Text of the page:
I realize that $95 for a dinner out is by no means a cheap date. It's not something we could afford to do every date night. When I compare the meal I enjoyed last night to the countless sub-par meals that we've eaten at chain restaurants, though, the real value of the experience trumps the price. A meal at a nicer chain restaurant that included appetizers, cocktails, entrees and dessert would easily cost us $50 or more. And for what? Mediocre meal made with processed ingredients, poor atmosphere, and money that goes to corporate headquarters. I would easily forgo a few of those poor meals, eat better food at home, and save my money for a night at Peterson's. We'd spend more, yes, but we'd be guaranteed a meal of high quality food from a restaurant that strives to use local whenever possible. We'd be guaranteed a pleasant and attentive atmosphere from a staff that is truly glad we're there. And our money would stay here in the community, sending a message that we prefer and are willing to support local restaurants.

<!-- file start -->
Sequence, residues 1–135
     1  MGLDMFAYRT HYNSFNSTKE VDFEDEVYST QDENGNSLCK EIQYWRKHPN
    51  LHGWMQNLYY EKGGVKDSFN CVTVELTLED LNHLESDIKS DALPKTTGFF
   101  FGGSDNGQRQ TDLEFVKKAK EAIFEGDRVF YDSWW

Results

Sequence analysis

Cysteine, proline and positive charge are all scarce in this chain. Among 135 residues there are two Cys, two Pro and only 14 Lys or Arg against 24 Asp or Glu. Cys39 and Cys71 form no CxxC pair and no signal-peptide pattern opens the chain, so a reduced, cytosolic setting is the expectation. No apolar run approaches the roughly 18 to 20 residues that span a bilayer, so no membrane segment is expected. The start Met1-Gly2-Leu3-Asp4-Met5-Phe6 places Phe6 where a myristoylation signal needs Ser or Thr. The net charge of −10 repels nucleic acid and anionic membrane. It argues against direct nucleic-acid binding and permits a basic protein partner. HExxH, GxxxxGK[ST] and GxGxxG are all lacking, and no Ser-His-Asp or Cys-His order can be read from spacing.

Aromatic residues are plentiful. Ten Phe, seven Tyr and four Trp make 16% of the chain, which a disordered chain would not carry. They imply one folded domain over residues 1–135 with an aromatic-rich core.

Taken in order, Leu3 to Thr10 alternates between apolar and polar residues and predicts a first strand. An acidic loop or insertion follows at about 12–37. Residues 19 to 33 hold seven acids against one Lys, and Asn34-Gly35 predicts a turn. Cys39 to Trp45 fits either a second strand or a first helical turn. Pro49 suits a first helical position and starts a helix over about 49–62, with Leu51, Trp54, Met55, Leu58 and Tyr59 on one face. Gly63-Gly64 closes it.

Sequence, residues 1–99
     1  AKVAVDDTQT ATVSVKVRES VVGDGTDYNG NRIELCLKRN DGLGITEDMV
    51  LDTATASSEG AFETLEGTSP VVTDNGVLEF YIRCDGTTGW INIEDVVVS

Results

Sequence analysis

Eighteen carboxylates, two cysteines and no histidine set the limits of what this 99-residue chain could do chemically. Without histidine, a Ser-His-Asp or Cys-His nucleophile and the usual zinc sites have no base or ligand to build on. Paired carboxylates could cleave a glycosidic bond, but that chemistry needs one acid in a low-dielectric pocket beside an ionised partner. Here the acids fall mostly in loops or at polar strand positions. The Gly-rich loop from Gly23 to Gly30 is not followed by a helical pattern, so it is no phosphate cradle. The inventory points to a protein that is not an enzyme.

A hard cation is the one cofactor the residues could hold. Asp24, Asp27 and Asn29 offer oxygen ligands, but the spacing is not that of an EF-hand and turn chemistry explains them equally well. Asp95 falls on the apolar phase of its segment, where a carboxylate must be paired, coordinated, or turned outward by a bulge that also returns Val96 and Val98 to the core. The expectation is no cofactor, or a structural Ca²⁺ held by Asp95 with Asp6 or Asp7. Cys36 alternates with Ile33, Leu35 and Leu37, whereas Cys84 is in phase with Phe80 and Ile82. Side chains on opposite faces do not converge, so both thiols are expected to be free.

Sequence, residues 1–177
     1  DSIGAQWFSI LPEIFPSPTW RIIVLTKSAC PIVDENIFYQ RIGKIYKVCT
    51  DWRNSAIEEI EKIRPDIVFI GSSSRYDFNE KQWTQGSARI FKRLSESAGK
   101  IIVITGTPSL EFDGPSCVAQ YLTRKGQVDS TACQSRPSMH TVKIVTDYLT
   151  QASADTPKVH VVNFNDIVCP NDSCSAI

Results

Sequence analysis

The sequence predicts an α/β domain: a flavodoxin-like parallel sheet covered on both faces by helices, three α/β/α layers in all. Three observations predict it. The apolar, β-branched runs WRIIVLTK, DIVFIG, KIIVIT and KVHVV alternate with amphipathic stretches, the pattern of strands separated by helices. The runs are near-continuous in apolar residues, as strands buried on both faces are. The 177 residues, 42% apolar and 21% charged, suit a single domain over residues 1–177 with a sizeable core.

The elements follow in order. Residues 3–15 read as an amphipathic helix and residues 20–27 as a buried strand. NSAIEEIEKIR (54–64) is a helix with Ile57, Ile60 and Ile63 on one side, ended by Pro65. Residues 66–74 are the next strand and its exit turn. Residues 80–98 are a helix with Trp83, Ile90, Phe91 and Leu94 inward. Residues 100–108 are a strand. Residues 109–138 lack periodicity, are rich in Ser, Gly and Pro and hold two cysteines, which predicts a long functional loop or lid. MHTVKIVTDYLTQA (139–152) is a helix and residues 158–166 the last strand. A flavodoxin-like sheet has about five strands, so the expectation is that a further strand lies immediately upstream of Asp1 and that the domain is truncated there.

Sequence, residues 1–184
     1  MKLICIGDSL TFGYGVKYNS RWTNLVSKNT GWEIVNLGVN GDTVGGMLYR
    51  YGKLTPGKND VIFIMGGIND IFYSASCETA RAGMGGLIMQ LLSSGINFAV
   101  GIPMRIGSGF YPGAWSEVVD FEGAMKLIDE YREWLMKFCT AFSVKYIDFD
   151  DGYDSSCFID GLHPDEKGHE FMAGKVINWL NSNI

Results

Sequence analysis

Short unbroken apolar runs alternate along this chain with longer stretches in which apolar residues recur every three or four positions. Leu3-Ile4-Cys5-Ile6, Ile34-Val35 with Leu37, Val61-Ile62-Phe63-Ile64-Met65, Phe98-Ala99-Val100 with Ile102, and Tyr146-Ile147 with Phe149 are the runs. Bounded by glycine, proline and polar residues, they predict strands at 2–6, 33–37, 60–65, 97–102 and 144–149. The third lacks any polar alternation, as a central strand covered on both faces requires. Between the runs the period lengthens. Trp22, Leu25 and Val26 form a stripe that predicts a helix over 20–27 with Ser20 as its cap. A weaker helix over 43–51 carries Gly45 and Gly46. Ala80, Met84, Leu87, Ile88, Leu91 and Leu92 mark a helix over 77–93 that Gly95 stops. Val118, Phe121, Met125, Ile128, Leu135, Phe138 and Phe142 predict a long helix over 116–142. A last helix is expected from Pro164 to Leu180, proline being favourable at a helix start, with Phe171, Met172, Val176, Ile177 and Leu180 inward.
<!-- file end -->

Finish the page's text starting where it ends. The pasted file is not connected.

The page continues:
My main message here is that it is possible to be frugal and stick to a budget and yet still enjoy some of the nicer experiences out there. If there's a restaurant you love, seek them out on-line. Are they on twitter? Do they have a newsletter or a facebook page? Keep an eye out for special offers in your community that can make that special place just a bit more affordable. Consider swapping a few visits to an unmemorable restaurant for some meals at home and put the money you save towards a really special evening out.
If you have any similar experiences I'd love to hear them. After all, you know how I love to read about a good meal!